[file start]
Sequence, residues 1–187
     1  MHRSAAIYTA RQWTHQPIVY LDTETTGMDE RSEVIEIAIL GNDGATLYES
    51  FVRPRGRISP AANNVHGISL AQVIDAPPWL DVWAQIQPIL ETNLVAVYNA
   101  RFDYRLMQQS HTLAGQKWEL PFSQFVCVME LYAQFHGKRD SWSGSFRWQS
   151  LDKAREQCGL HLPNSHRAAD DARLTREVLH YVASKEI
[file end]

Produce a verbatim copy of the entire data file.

Sequence, residues 1–187
     1  MHRSAAIYTA RQWTHQPIVY LDTETTGMDE RSEVIEIAIL GNDGATLYES
    51  FVRPRGRISP AANNVHGISL AQVIDAPPWL DVWAQIQPIL ETNLVAVYNA
   101  RFDYRLMQQS HTLAGQKWEL PFSQFVCVME LYAQFHGKRD SWSGSFRWQS
   151  LDKAREQCGL HLPNSHRAAD DARLTREVLH YVASKEI